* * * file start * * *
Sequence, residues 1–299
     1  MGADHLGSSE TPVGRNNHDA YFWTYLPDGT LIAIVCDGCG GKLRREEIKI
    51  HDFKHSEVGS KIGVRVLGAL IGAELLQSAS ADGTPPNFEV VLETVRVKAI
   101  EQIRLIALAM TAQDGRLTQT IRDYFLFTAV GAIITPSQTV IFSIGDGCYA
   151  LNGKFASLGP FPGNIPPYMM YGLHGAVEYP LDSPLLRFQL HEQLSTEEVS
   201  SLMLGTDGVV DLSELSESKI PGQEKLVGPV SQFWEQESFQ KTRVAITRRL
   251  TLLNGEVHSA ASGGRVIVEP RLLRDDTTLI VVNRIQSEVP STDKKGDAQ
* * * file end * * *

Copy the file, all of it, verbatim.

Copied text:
Sequence, residues 1–299
     1  MGADHLGSSE TPVGRNNHDA YFWTYLPDGT LIAIVCDGCG GKLRREEIKI
    51  HDFKHSEVGS KIGVRVLGAL IGAELLQSAS ADGTPPNFEV VLETVRVKAI
   101  EQIRLIALAM TAQDGRLTQT IRDYFLFTAV GAIITPSQTV IFSIGDGCYA
   151  LNGKFASLGP FPGNIPPYMM YGLHGAVEYP LDSPLLRFQL HEQLSTEEVS
   201  SLMLGTDGVV DLSELSESKI PGQEKLVGPV SQFWEQESFQ KTRVAITRRL
   251  TLLNGEVHSA ASGGRVIVEP RLLRDDTTLI VVNRIQSEVP STDKKGDAQ